Native American Indian kachina dolls are popular souvenirs and collectors’ items. They are unique to the Southwest, originating from the Hopi Pueblo people’s spiritual tradition.
History of the Modern Hopi Kachina Doll
Kachina dolls are carved representations of the masked kachina dancers, themselves representations of the kachina spirits that lived among the Hopi People and imparted valuable skills and qualities. Kachina dolls were first created as teaching tools for Hopi children. The earliest kachina dolls are believed to date back to the late 18th century.
Hopi kachina dolls used for instructional purposes were (and still are) created to be appropriate for the age of the child they are given to. For instance, kachina dolls made for infants are flat figures with minimally identifying characteristics, and those for toddlers are made with flat bodies with three-dimensional faces. The full-bodied kachina dolls are given to children over the age of two.
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As Western expansion brought more white settlers and their religion into the Southwest, Hopi religion was repressed. For a short time, kachina doll carving nearly stopped. However, under new federal legislation that protected their rights, Hopis once again began carving kachina dolls in the 1930s. The new generation of kachina dolls was more life-like and detailed than their predecessors’.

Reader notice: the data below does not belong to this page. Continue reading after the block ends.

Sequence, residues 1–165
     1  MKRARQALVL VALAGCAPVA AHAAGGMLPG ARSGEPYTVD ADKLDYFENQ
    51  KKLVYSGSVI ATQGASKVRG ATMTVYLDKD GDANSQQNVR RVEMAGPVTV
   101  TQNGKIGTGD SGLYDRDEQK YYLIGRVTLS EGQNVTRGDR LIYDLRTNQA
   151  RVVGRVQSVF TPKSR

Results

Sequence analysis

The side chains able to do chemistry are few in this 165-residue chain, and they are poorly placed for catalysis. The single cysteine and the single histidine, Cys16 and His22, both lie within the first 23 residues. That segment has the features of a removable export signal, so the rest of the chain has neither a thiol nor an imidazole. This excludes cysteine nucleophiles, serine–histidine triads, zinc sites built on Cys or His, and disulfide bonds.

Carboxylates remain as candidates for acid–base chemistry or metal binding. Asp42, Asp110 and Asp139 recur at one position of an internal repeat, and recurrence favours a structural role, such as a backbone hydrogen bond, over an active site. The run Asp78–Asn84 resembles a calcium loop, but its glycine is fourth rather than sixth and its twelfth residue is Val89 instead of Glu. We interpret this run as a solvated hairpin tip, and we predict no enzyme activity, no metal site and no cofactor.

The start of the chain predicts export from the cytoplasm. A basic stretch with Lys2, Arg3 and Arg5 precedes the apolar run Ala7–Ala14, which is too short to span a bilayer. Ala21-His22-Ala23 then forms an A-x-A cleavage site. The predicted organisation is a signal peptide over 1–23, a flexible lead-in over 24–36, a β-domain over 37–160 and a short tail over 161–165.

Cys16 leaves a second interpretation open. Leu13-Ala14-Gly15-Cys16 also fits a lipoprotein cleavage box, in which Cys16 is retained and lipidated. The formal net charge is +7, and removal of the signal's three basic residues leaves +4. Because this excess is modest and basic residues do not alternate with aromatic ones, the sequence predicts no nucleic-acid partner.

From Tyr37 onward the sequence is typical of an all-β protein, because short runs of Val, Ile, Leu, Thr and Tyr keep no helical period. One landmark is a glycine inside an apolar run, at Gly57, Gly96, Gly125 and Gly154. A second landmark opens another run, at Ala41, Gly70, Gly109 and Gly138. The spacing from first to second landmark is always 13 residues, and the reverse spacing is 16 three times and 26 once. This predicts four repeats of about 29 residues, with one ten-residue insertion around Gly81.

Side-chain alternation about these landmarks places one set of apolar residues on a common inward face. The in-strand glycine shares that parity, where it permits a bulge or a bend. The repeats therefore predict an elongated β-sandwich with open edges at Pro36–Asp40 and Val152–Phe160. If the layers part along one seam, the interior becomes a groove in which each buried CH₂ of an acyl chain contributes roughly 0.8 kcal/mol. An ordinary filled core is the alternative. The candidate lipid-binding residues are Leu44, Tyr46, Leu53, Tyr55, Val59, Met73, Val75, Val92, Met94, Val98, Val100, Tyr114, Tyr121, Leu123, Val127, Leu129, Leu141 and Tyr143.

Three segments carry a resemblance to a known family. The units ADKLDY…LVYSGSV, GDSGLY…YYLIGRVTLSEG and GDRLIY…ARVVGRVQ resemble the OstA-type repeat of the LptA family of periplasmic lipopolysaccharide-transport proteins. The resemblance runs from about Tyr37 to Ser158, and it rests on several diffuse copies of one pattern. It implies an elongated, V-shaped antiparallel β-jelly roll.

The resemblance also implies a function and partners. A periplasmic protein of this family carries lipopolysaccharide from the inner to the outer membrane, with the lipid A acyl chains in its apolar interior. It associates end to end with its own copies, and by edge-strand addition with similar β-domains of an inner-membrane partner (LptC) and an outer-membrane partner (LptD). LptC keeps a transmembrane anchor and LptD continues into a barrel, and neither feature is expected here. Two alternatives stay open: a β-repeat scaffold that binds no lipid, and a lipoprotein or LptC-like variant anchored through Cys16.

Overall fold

Traditional to Commercial Kachina Dolls
The Hopi people have only been creating kachina dolls for sale since about the mid-20th century. Commercial kachina dolls are still representations of masked kachina dancers and showcase the skill of the artist. Authentic kachina dolls are still carved from one (or pieces of several) cottonwood tree root in the time-honored tradition. However, kachina dolls created for the purpose of being sold as art may more liberally reflect an artist’s interpretation rather than strictly adhere to traditional representations of the kachina’s appearance.
Hopi Kachina Dolls at Palms Trading Company
Palms Trading Company has a fine selection of Native American Indian kachina dolls, including dolls carved in the Hopi tradition using only one piece of cottonwood tree root. Most objects that the Hopi figure wears or holds in its hands are carved, and bright colors highlight the intricate detail of these dolls. However, some Hopi dolls also feature feathers and rabbit fur, which are not carved.